SAN FRANCISCO (AP) — A jury’s $289 million award to a former school groundskeeper who said Monsanto’s Roundup left him dying of cancer will bolster thousands of pending cases and open the door for countless people who blame their suffering on the weed killer, the man’s lawyers said.
“I’m glad to be here to be able to help in a cause that’s way bigger than me,” Dewayne Johnson said at a news conference Friday after the verdict was announced.
Johnson, 46, alleges that heavy contact with the herbicide caused his non-Hodgkin’s lymphoma. The state Superior Court jury agreed that Roundup contributed to Johnson’s cancer and Monsanto should have provided a label warning of the potential health hazard.
Johnson thanked jurors “from the bottom of my heart” for their work, along with his lawyers and his family.
His was the first case filed by a cancer patient against the agribusiness giant to reach trial. It was expedited because court filings indicated that Johnson was dying. His victory may set the precedent for many others.
“A unanimous jury in San Francisco has told Monsanto: ‘Enough. You did something wrong and now you have to pay,'” said Brent Wisner, Johnson’s lead trial lawyer. “There’s 4,000 other cases filed around the United States and there are countless thousand other people out there who are suffering from cancer because Monsanto didn’t give them a choice … We now have a way forward.”
Monsanto has denied a link between the active ingredient in Roundup — glyphosate — and cancer, saying hundreds of studies have established that glyphosate is safe.
Monsanto spokesman Scott Partridge said the company will appeal. Partridge said scientific studies and two government agencies have concluded that Roundup does not cause cancer.
“We are sympathetic to Mr. Johnson and his family,” Partridge said. “We will appeal this decision and continue to vigorously defend this product, which has a 40-year history of safe use and continues to be a vital, effective, and safe tool for farmers and others.”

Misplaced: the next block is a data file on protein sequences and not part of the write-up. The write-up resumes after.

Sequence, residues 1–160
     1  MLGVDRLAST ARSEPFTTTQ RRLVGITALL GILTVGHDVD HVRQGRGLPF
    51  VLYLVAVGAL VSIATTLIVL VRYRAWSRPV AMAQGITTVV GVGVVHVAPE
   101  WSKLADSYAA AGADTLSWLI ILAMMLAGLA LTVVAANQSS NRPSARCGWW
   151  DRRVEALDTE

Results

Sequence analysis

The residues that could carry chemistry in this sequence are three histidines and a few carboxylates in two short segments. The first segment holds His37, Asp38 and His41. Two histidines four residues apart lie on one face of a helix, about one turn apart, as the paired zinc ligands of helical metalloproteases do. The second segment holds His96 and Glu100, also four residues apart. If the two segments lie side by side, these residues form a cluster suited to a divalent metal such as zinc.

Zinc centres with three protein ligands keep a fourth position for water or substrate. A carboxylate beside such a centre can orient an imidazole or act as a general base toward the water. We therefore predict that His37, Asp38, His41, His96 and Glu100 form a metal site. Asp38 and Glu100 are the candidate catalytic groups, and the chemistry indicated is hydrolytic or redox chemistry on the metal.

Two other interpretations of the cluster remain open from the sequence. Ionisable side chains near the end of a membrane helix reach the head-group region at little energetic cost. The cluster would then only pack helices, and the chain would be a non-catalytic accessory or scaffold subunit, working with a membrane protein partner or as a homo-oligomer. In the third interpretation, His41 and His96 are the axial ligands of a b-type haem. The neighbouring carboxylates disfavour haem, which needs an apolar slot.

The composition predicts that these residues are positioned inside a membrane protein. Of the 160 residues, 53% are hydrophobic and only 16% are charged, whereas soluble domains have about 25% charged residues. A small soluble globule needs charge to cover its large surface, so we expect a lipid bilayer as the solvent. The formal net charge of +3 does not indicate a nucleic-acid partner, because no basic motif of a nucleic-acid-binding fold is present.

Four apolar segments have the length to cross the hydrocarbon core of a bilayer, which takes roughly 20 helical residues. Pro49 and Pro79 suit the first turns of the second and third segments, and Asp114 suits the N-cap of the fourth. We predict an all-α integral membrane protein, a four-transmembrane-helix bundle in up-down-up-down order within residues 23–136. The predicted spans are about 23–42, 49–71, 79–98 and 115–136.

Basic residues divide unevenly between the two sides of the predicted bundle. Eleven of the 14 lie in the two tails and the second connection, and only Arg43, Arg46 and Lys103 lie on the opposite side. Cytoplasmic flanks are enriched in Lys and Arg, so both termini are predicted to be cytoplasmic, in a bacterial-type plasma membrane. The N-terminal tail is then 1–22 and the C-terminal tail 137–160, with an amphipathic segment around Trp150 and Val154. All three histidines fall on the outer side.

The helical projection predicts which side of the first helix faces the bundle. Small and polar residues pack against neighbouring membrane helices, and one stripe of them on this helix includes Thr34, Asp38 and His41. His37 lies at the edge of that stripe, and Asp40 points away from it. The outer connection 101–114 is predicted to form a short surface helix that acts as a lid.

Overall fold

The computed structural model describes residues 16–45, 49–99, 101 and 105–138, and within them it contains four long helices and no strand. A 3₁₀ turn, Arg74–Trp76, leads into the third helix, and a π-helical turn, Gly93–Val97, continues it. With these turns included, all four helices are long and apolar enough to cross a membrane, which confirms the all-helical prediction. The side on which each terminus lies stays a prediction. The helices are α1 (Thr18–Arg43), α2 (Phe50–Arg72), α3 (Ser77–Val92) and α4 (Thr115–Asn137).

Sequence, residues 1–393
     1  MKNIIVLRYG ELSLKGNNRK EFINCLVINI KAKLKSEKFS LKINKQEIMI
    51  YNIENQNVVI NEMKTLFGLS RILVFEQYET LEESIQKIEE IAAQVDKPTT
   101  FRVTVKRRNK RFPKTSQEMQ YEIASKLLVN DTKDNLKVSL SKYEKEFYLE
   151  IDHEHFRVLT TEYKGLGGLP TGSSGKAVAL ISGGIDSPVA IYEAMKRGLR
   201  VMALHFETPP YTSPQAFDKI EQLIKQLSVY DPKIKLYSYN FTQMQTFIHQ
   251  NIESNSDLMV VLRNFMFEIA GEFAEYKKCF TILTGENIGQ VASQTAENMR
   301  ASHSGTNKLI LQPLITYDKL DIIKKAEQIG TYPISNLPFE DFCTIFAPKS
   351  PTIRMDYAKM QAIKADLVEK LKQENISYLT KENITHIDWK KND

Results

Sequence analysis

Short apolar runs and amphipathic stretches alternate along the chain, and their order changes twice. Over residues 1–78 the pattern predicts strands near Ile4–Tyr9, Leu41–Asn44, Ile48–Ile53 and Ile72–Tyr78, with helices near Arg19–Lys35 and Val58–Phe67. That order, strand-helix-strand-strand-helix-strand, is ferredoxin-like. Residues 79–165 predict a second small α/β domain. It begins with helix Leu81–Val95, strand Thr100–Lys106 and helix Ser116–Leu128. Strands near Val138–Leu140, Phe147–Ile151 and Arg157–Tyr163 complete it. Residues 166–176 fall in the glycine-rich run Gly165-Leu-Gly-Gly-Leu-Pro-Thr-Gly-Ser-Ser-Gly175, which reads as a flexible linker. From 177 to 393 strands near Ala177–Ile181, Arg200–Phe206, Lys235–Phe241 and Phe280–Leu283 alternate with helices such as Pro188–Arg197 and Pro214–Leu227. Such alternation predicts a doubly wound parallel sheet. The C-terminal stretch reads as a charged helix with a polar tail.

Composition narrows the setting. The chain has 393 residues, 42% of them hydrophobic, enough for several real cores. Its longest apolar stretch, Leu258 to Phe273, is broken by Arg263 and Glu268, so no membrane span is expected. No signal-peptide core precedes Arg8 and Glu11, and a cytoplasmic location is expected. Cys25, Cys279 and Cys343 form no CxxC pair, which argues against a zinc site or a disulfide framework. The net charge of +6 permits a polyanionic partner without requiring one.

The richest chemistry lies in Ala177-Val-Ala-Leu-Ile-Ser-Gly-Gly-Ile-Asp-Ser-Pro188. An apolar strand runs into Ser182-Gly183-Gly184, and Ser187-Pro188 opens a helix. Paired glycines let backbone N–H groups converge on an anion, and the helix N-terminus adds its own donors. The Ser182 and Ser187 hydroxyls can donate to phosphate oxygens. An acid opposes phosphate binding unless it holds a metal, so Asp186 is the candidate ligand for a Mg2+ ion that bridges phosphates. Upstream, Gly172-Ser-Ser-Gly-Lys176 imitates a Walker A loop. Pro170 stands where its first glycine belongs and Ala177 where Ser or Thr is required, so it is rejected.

Johnson used Roundup and a similar product, Ranger Pro, as a pest control manager at a San Francisco Bay Area school district, his lawyers said. He sprayed large quantities from a 50-gallon tank attached to a truck, and during gusty winds, the product would cover his face, said Brent Wisner, one of his attorneys.
Once, when a hose broke, the weed killer soaked his entire body.
Johnson read the label and even contacted the company after developing a rash but was never warned it could cause cancer, Wisner said. He was diagnosed with non-Hodgkin’s lymphoma in 2014.
“The simple fact is he is going to die. It’s just a matter of time,” Wisner told the jury in his opening statement last month.
But George Lombardi, an attorney for Monsanto, said non-Hodgkin’s lymphoma takes years to develop, so Johnson’s cancer must have started well before he began working at the school district.
The U.S. Environmental Protection Agency says Roundup’s active ingredient is safe for people when used in accordance with label directions.
However, the France-based International Agency for Research on Cancer, which is part of the World Health Organization, classified it as a “probable human carcinogen” in 2015. California added glyphosate to its list of chemicals known to cause cancer.
Johnson’s attorneys sought and won $39 million in compensatory damages and $250 million of the $373 million they wanted in punitive damages.